A Day in the Life at Haileybury’s Early Learning Centres

A great Early Learning Centre can set children on the path to an exciting and rewarding educational experience. A key element of a good ELC is providing a comprehensive program that covers all aspects of child development.

Haileybury’s ELC Program provides a safe environment for children to have fun, develop social skills and learn educational concepts that help them to understand their world. Each ELC has a carefully developed, evidence-based learning program that sees children develop important social and academic skills through a range of enjoyable and stimulating activities.


“Our program is based on the child’s interests,” says Director of ELC Dr Rachel Pollitt.

“We create a program that supports children’s learning through self-determination. Children can choose to follow their interests and our skilled early childhood educators harness each child’s curiosity and link this to an aspect of our program that contingently responds to the child’s learning needs.”

All ELCs acknowledge the importance of developing literacy and numeracy skills and daily activities that promote these skills are embedded in each ELC program. So, on any day of the week, what other kinds of activities might ELC children at Haileybury engage in?

ELC Newlands: “One of our educators, Sakan Pyseth, is passionate about STEM (Science, Technology, Engineering and Maths) and he’s developed experiments with the children to help them understand how ideas can grow,” says Lisa Christopher, Head of ELC at Newlands.

“Sakan has taken children for a walk around the Keysborough campus to take photos of different things, including a plane flying overhead. He spoke to them about the fact that planes did not exist many years ago and the children discussed how the idea that things could fly came about and their interests have expanded further to include space travel.”

Another educator at Newlands ELC, Caitlin Wood, has developed a multicultural cooking program with families sharing their special recipes. This has led to children making wattle seed brownies and talking about the nutritional value of ‘bush tucker’ foods.

ELC Castlefield: At Castlefield, children created a fire pit that is a favourite meeting place.

“The fire pit came from the children being interested in camping, and educators brought in pop-up tents and made a campground. Children collected logs and role-played pretending to cook on a campfire,” says Dr Pollitt.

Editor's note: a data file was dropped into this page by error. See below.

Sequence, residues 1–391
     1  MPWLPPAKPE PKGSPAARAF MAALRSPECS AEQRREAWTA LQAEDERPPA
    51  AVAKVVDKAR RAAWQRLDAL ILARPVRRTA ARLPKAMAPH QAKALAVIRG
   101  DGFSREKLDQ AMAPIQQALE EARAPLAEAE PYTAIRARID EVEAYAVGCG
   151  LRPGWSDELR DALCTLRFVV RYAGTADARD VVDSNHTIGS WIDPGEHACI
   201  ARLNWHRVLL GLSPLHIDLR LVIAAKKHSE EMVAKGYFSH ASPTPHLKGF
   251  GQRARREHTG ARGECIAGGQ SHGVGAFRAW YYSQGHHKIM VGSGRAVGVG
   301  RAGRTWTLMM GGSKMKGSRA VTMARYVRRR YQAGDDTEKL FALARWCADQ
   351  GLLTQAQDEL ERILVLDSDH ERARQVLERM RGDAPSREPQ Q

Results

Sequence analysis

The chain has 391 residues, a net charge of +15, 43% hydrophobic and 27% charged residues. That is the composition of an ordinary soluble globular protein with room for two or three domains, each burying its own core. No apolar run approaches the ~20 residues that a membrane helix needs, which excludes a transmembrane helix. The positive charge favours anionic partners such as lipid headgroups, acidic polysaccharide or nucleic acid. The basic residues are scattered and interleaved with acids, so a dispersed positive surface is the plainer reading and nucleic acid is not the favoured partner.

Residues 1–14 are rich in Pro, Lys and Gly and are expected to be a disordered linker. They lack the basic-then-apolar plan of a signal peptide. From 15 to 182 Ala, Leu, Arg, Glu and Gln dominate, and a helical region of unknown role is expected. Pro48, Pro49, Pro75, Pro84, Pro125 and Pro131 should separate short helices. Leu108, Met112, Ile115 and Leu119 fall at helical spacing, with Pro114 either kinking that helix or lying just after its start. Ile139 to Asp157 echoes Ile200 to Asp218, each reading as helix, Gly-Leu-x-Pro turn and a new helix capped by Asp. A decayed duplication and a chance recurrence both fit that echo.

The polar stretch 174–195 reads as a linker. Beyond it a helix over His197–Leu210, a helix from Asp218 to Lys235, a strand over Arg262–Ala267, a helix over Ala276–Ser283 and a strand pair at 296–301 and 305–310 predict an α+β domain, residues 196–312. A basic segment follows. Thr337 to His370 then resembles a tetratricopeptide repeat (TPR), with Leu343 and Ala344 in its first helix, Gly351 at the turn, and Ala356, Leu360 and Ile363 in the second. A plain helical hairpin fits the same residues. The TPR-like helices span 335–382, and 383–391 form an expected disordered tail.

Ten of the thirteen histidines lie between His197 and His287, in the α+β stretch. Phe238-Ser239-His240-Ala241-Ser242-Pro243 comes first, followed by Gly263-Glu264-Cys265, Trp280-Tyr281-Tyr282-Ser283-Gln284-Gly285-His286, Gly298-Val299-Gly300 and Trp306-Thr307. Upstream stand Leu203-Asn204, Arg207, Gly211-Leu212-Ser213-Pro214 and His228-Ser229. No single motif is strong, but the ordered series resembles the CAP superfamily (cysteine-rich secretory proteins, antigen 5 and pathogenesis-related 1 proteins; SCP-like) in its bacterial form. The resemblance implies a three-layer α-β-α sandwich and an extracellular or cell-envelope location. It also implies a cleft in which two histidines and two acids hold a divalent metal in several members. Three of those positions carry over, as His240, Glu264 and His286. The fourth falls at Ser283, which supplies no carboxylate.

Building on this interest, over a 12-month period, the Haileybury community and children created a fire pit that is often a focus of ELC gatherings and events. This has led to further discussion about types of fire and its purpose and of Aboriginal cultures and histories. Jaeden Williams, a proud Yalukit Willam man, is a regular visitor and contributor at Castlefield and over the past six years has become an integral part of the teaching and learning team at the ELC by teaching dance, storytelling and art and conducting a Welcome to Country smoking ceremony.

“A series of woven ‘pods’ are also a feature at Castlefield and they came from an inquiry into children’s rights to privacy and how to create spaces for quiet time and reflection. The team thought about how to create a space outdoors and, working with an artist in residence, Gay Chatfield, they tapped into the children’s interests and skills to weave and create the outdoor pods,” says Dr Pollitt.

ELC City: At Haileybury’s City campus, children make the most of their surrounds with Flagstaff Gardens providing plenty of learning and exploring opportunities.

“Recently there was live footage of a falcon nesting in the CBD. You could watch the bird feeding, see the eggs hatch and see the baby birds. This sparked the children’s curiosity in learning about life cycles, collecting data about the birds in their local environment and expanding on their rooftop garden to attract more wildlife,” says Dr Pollitt.

“Those kinds of experiences allow children to invest in the outdoor environment and make it their own.”

Pre-Prep children have also explored their interest in machines and have learned about energy and motion. They created their own pulley systems and experimented with different tools to gain a better understanding of how machines actually work.

ELC Edrington: Children’s interest in sustainability led to a project at Edrington that created a picturesque informal meeting space for children where they can sit together and talk—referred to as ‘yarning time’.

“Together the children and educators created a beautiful outside environment for their ‘meeting place’. Consequently, Edrington ELC is designing an Indigenous garden that will help children learn more about local wildlife and sustainability, as well as finding real-world application for numeracy and literacy learning,” says Dr Pollitt.

“These projects evolve based on the interests and open inquiry of each child. For example, children might be outside with a mortar and pestle making ‘potions’ out of flowers and leaves. This may lead to questions about why some things grow in our garden and others don’t, which could then lead to explorations about soil and climate and which part of the garden gets the most sun and why. Educators are highly skilled at identifying how to link each child’s interests to their learning and to ‘teachable moments’.”